The interface 92 includes input/output (I/O) terminals 104, 106 and 108. The interface 92 may include additional I/O terminals, depending on the network topology. The number of I/O terminals is not critical. The I/O terminal 104 is communicatively coupled to the LAN 12. The I/O terminal 106 is coupled to the communication link 36, while the I/O terminal 108 is coupled to the communication link 38. The interface 92 allows the enhanced router 54 to relay packets of information to and from the LAN 12 and the routers 56 and 60.

The CPU 94 is coupled to the interface 92 to process packets that are being relayed by the enhanced router 54. The CPU 94 is also coupled to the network monitor 96, the reroute-signal generator 98, the reservation unit 100 and memory 102. The CPU 94 operates with components 96-102 of the enhanced router 54 to perform a number of operations. When a request for a new connection is received by the interface 92, the CPU 94 determines the priority status of the new connection by utilizing a prioritization protocol stored in memory 102. Various factors may be taken into account to determine the priority status of the new connection, such as the type of connection, the originating site, the destination site, and the required bandwidth. In addition, the CPU 94 determines the optimal route utilizing a routing protocol, also stored in memory, along with information provided by the network monitor 96. The routing protocol may utilize one or more of the routing parameters that were listed in reference to FIG. 3.

The network monitor 96 keeps track of the status of the communication links 36-42 by recording information regarding new connections that are made through the enhanced router 54 and termination of established connections that had been routed through the enhanced router 54. The network monitor 96 shares this information with other network monitors of the enhanced routers 56-60 to monitor the current status of the communication links 36-42. The sharing of link status information may involve periodically transmitting an update signal among the enhanced routers 56-60. The manner in which network nodes share information is known in the art. This information is utilized by the CPU 94 to make decisions during a new connection set-up. The information concerning remaining bandwidth on the communication link 38 may be utilized by the CPU 94 to determine whether the new connection may be routed through the communication link 38 without the need to redirect established connections that have been routed through the communication link 38. In addition, the information concerning the priority status of the established connections through the communication link 38 may be utilized by the CPU 94 to determine whether any established connection has a lower priority status than the new connection that is in the process of being routed. Furthermore, the information concerning bandwidth reserved by the lower priority connection may be utilized by the CPU 94 to determine whether the communication link 38 can accommodate the new connection, if one or more of the lower priority connections are rerouted through an alternate path, bypassing the communication link 38.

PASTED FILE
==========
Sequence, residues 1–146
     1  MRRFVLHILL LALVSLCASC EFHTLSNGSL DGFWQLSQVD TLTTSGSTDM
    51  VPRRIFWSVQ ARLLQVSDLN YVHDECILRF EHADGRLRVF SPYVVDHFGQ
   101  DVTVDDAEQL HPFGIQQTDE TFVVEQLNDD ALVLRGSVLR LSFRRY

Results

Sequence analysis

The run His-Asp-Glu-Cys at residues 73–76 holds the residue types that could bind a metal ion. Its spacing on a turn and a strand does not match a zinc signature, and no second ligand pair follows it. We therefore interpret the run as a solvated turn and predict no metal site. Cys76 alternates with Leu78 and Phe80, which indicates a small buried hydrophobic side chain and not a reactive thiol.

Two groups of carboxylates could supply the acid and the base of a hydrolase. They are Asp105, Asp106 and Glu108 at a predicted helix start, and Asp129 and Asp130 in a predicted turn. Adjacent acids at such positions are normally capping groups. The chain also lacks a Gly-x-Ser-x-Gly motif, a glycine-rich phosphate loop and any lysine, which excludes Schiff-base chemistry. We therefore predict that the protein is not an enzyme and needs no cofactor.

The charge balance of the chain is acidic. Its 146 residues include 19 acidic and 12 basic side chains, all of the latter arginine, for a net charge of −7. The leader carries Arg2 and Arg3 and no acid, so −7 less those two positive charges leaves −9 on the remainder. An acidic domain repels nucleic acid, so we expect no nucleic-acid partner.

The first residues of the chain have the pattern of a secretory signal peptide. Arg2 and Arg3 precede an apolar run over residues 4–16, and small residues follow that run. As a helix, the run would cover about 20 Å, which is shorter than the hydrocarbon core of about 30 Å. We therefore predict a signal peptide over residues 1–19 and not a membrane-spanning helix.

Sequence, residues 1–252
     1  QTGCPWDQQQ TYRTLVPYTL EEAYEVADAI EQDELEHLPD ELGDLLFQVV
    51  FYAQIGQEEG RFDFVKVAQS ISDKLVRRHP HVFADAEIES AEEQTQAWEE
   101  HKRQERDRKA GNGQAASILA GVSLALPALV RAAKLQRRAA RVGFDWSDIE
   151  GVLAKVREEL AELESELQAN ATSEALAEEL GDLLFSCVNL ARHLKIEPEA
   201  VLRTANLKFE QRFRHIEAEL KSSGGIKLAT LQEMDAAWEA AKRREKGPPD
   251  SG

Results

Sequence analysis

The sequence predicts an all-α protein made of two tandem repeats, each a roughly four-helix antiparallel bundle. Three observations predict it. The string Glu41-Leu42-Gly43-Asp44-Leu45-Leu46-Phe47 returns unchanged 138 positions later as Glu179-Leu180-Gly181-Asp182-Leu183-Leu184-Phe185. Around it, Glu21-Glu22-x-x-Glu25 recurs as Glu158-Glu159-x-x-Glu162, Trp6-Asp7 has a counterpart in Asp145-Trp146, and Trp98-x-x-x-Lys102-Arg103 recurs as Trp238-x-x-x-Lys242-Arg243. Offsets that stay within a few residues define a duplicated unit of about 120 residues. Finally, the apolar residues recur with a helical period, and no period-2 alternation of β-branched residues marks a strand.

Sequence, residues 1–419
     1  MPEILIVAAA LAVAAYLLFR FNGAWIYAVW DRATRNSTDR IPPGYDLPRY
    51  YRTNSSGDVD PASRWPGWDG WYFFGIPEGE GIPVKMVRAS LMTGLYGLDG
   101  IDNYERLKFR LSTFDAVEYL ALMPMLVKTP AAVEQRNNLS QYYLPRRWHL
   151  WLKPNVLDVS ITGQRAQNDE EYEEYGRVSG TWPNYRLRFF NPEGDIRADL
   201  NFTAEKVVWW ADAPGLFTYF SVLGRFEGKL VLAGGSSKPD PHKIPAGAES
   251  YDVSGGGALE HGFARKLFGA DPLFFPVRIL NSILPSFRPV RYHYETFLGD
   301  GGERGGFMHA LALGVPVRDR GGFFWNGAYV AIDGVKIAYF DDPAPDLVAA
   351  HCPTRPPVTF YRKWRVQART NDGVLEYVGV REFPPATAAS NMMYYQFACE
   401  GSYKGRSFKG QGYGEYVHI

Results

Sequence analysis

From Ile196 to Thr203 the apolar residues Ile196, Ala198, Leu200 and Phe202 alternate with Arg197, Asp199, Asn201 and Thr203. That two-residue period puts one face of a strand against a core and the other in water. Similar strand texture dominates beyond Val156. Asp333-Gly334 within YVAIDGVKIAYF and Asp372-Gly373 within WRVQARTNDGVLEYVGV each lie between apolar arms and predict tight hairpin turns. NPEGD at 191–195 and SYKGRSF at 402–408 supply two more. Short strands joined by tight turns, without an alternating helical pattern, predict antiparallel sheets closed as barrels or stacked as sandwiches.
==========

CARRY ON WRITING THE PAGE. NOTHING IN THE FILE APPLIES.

The reroute-signal generator 98 provides the reroute signals that are used by the enhanced router 54 to request rerouting of certain established connections. In addition, the reroute-signal generator 98 provides the acknowledgment signals that are transmitted in response to a reroute signal from another enhanced router. The reservation unit 100 generates the reservation signals that are used to reserve bandwidth on selected communication links. The reroute signals, the acknowledgment signals and the reservation signals are transmitted to appropriate destinations by the CPU 94.

In one embodiment, the network monitor 96, the reroute-signal generator 98 and the reservation unit 100 are separate devices that include solely hardware to perform their respective functions. In another embodiment, these devices include firmware, in addition to hardware, to perform their respective functions. In the preferred embodiment, these devices are embodied in an algorithm executed by the CPU 94.

The enhanced routers, such as the enhanced router 54, may be implemented in a more complex communications system than the system 52 of FIG. 2. In FIG. 5, a communications system 110 that includes LANs 112-128 is shown. The LANs 112, 114, 116,118, 120, 122, 124, 126 and 128 are associated with enhanced routers 130, 132,134, 136, 138, 140, 142, 144 and 146, respectively. The enhance routers 130-146 are interconnected by communication links 152,154, 156, 158,160, 162, 164, 166 and 168.

The rerouting operation performed by the enhance routers 130-146 to connect a high priority connection through an optimal route is similar to the rerouting operation performed by the enhanced routers 54-60 of FIG. 2. The difference is that an optimal path for a connection in the system 110 may include more communication links. Therefore, additional communication links may be required to be examined by the enhanced routers 130-146 during a new connection set-up.